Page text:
Recent directions in the work include investigation of the application of the planning techniques in the domain of dialogue-planning and consideration of the consequences of a newly observed link between the approach to planning being pursued by this group and work in cognition and cognitive modelling being pursued in the field of psychology.
An important element in the work is a concern with the theoretical foundations for the developments that are being made. Planning has a long history of close ties with researchers interested in keeping a tight rein on the theoretical underpinnings. However, more recent developments have been increasingly ad hoc and this makes it very difficult to predict their behaviour, effectiveness, or limitations. The group has adopted a formal style for the majority of its work and sees this as an important discipline. The continued analysis and development of the planning framework will progress in a similar style, and it is expected that this will contribute important material to the overall theory of planning.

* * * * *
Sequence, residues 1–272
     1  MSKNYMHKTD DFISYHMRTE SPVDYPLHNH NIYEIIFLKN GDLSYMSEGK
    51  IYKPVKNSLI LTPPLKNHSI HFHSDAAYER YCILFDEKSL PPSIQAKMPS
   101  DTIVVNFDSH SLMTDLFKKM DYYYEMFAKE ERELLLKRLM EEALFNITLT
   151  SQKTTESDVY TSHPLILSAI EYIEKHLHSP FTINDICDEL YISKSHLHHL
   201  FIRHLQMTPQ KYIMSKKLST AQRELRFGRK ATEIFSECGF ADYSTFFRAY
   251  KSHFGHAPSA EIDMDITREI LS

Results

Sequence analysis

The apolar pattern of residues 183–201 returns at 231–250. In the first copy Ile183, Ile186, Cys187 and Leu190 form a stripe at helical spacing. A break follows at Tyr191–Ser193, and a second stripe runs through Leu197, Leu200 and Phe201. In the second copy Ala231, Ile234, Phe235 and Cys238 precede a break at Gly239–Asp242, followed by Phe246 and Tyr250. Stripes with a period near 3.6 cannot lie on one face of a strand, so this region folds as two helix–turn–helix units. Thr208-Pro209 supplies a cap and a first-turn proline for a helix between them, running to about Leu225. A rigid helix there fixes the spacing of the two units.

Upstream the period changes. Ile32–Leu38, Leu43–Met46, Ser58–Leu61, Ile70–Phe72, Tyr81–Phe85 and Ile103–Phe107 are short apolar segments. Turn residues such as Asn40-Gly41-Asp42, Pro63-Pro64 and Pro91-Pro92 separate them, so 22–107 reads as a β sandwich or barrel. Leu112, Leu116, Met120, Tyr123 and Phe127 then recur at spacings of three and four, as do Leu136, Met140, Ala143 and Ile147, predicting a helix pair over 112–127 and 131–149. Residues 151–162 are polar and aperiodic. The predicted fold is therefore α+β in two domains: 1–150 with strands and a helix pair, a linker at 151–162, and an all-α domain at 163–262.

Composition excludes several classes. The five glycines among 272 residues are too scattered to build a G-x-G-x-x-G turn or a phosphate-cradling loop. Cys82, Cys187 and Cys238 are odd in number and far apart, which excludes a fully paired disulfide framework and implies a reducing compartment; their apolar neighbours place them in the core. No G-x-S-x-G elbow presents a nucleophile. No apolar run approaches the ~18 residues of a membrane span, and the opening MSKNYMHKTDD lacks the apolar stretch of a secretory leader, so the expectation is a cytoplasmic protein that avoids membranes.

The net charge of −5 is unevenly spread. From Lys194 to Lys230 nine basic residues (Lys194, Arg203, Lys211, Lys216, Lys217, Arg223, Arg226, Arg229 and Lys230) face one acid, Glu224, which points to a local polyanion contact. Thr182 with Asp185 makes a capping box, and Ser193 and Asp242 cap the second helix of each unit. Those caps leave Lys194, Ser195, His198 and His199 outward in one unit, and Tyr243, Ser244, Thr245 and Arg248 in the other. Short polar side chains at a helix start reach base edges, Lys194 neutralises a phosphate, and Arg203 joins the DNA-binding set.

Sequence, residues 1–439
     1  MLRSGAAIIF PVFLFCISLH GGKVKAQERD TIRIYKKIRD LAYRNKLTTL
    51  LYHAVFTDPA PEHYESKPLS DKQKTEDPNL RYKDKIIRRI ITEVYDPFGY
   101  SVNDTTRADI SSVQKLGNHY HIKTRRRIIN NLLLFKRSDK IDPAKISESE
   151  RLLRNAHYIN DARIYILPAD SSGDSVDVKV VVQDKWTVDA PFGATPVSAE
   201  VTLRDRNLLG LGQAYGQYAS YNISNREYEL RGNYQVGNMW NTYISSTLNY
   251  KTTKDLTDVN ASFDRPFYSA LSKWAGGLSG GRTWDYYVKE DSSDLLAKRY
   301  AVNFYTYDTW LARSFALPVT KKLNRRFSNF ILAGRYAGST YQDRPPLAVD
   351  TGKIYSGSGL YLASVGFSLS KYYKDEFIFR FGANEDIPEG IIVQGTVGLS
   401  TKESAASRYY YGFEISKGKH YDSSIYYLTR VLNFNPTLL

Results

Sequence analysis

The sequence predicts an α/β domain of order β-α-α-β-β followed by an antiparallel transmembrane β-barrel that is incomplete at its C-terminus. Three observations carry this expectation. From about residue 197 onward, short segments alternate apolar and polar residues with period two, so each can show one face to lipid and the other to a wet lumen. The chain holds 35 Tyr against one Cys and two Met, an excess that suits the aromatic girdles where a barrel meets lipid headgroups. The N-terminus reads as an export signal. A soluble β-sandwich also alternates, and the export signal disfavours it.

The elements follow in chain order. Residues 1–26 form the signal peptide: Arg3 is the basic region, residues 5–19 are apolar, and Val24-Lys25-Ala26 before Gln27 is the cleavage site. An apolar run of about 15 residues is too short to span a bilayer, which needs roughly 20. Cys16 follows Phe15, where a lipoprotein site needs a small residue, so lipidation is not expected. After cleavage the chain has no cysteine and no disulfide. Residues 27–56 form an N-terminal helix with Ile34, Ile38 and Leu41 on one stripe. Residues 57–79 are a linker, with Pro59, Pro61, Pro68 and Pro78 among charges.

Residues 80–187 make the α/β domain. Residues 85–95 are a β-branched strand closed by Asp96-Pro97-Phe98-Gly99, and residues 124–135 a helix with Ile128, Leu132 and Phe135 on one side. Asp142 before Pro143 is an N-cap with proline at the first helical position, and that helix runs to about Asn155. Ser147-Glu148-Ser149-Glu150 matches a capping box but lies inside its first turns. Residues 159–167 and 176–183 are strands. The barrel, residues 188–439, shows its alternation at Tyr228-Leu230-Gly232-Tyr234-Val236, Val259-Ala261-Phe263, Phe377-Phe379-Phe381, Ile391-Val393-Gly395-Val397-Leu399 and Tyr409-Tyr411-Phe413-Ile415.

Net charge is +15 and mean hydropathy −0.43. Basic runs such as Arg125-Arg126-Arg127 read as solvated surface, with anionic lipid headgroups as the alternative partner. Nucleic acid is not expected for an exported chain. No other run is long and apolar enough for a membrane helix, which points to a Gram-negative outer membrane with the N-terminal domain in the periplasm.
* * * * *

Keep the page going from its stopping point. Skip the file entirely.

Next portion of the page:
Mark Levene and T. Fenner (Birkbeck College)
Random minimaxing is the process of using a random static evaluation function for scoring the leaf nodes of a full width game tree and then computing the best move using the standard minimax procedure. Experiments carried out by Beal and Smith at QMW using random minimaxing in chess have shown that the strength of play increases as the depth of the lookahead is increased. We are investigating random minimaxing from a combinatorial point of view in order to obtain a theoretical justification for Beal and Smith's experiments. In particular we have already shown that with respect to chess, random minimaxing with a depth of lookahead equal to two is stronger than random minimaxing with a depth of lookahead equal to one, under the assumption that the more a move made by the first player restricts the second player's choice of moves (i.e. the second player's mobility) the better a move is. We are currently generalising this result for depths of lookahead greater than two.
John Campbell and Mauro Manela